India produces the maximum no. of MBA’s in the world, graduate students finds it an attractive opportunity and wants to join the bandwagon which has been sold through the expensive coaching’s like TIME, Career launcher, PT, PF and so on . But paying huge amount of coaching fees doesn’t guarantee your place in the IIMs or in Tier 1 B schools. Every year the CAT, XAT, SNAP, MAT takers are raising but vice-versa the good B schools intake capacity is not proportional to the candidates.
This led a good opportunity for many of the (Master-Mind) punters to have their own colleges. Few of colleges not AICTE approved have proved themselves by quoting the best placements in the country with very high proficient level of standards. But there are colleges which are like a charlatan fooling the students (even the AICTE approved ones) by charging a huge amount of fees. This culture is well versed in the metros. View full article »
The Stock Twits did a great job on the never ending Quantitative Easing . As T.S. Eliot said The end is where we start from.
Below are nine points believe are the key going forward:
- The Fed is not uncomfortable yet with the level of market speculation, complacency and asset price reflation – but it is totally and completely aware of what we’re up to.
- The castigating rhetoric of hedge fund managers emanating from both Sohn and SALT, whose tongues loll out of their mouths from their break-neck pursuit of the runaway benchmark indexes, has not been lost on the FOMC. Voting members are not only aware of the effects their policies are having, they are aware of the perceptions surrounding them as well. View full article »
Thanks to all the visitors who came and appreciated the maverick thoughts yesterday.I am sharing the links of articles that where displayed on the board for your convince :
Your thoughts feedback and remarks are most welcome .
Some thoughts displayed at my office . Credits:- Shraddha Borole & Rinal Shrimankar for helping and putting up the great show.
There are a lot of things you can read about the Brown-Vitter bill recently, though it’s a really nice day out and you probably shouldn’t. It’s not … it’s not like a real thing is it? When the text of the bill, which would raise the equity capital requirements on big banks to ~15% on a non-risk-weighted basis and forbid U.S. regulators from implementing Basel rules, first leaked, I sort of assumed it was a temper tantrum not intended to become law, and the fact that its official title is the “Terminating Bailouts for Taxpayer Fairness (TBTF) (Get It?) (GET IT?) Act of 2013″ doesn’t exactly change my mind.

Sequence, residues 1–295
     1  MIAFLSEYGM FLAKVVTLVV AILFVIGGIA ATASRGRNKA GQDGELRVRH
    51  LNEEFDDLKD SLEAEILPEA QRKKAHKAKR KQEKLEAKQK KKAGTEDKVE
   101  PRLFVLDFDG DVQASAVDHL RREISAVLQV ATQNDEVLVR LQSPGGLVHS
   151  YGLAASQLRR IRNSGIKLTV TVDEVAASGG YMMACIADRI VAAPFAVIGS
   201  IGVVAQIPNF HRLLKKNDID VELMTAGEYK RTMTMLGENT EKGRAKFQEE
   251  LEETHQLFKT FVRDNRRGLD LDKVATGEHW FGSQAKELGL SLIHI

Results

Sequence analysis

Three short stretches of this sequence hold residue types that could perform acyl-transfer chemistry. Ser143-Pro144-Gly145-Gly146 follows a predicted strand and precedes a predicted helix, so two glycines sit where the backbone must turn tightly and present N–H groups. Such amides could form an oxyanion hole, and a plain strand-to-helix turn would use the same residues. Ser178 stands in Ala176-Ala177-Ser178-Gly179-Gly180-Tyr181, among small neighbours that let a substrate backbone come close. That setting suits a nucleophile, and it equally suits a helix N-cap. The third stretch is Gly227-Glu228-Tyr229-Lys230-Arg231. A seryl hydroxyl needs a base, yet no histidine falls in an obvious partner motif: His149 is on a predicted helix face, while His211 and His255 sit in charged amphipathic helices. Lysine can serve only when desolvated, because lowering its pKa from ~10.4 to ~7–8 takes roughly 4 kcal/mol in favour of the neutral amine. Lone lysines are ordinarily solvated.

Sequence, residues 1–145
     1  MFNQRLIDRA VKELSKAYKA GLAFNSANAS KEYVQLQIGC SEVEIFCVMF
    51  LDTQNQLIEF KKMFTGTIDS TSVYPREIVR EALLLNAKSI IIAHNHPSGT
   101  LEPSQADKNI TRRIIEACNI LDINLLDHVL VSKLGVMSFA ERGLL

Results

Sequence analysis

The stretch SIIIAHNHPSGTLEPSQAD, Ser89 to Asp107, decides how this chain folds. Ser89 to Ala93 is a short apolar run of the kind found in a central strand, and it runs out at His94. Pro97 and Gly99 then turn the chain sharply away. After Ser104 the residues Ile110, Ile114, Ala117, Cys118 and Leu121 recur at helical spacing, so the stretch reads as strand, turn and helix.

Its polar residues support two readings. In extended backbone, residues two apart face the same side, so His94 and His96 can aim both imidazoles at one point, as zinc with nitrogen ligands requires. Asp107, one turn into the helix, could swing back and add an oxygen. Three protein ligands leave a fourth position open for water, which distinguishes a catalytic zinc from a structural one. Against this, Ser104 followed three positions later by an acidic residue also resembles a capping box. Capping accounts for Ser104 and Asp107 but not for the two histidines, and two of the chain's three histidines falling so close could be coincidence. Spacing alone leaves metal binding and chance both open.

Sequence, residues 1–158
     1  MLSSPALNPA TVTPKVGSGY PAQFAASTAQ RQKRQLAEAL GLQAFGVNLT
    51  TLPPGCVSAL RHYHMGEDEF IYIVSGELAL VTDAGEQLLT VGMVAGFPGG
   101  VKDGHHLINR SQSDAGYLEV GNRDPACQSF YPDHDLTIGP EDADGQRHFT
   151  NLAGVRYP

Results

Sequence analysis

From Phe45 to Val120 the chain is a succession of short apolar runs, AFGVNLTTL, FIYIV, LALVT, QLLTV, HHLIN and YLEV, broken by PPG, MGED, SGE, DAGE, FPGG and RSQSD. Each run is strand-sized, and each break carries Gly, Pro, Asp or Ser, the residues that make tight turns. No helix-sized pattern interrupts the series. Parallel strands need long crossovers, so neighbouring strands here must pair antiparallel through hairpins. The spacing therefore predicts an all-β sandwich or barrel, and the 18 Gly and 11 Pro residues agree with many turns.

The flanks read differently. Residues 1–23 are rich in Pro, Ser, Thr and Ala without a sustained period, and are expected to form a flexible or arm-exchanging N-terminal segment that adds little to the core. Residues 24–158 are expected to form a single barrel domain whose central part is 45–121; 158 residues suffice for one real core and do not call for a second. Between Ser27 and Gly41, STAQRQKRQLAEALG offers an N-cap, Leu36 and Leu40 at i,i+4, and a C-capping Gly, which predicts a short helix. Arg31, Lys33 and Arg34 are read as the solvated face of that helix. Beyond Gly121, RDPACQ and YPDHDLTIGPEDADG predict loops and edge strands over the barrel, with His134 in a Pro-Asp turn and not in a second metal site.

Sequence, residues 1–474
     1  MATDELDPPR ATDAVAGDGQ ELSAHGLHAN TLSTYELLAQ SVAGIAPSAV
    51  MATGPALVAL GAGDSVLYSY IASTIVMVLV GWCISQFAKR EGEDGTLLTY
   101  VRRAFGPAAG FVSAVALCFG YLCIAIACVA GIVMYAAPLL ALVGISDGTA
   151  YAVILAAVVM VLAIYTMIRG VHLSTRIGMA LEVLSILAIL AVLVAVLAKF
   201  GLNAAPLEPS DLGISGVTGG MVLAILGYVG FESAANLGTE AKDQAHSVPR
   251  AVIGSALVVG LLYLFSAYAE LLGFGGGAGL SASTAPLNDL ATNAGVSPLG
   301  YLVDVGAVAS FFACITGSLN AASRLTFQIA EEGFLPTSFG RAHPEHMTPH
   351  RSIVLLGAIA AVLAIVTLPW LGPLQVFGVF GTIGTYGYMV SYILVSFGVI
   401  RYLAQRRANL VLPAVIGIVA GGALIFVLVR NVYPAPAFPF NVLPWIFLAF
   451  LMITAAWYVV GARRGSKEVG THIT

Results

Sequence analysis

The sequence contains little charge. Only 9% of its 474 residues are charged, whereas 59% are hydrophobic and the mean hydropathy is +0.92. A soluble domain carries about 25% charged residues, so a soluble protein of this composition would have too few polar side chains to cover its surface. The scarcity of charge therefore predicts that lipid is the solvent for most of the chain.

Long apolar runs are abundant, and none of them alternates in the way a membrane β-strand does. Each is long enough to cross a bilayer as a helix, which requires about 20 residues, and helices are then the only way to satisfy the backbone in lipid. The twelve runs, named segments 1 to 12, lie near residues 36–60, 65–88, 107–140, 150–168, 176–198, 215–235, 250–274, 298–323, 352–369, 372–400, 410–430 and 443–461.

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I do not know why but somebody wanted me to define some basics on Yield spreads, that whether Yield spreads can judge the risk environment in an economy ?
Yield spreads are good tools to judge the risk environment in an economy a lower yield spread means that the issuer of debt is in a situation to demand loans at a lower spread above the yield of government security which in turn shows the presence of ample liquidity.
As far as economic growth is concerned a lower yield spread indicates greater amount of liquidity available for growth and entrepreneurial practices as well as a negative impact on the front of inflation. View full article »
I have quarried in the past that risk free rate for doing the valuation of equities and got some interesting answers, wanted to share here.
This is holistic view where an average of 10 year debt YTM of five lowest ratio of govt debt to GDP:
The 10yr Treasury is still a decent risk free rate, but the U.S.’s sovereign debt load will soon match Greece‘s. It may already exceed that level if you count the unfunded liabilities of entitlement programs. View full article »
The FT has recently done a timely article-on the consequences of the EU‘ ban on the naked CDS.
Investors are buying protection on European banks on the basis that banks and sovereigns are so intimately linked that any increased risk of a sovereign default will increase the value of a bank CDS in a similar way to a sovereign CDS.
“The big downside of the ban is that it is likely to increase borrowing costs for financials,” said Michael Hampden-Turner, Citigroup credit strategist. View full article »
Rama cont and Thomas Kokholm have published a paper We study the impact of central clearing of over-the-counter (OTC)transactions on counterparty exposures in a market with OTC transactions across several asset classes with heterogeneous characteristics.
The impact of introducing a central counterparty (CCP) on expected interdealer exposure is determined by the tradeoff between multilateral netting across dealers on one hand and bilateral netting across asset classes on the other hand. View full article »
In financial markets, craziness creates opportunity. It affects only prices, not values. And one of the craziest afflictions I
know of is our faith in our ability to see the future. Indeed, there isn’t even an appropriate opposite to the word ‘foresight’ in the English language. So I’m going to make one up. And rather than build a portfolio based on the pretence we have foresight, let’s explore some ideas for building one that is robust to our fore-blindness.
Here are some things I think are true:
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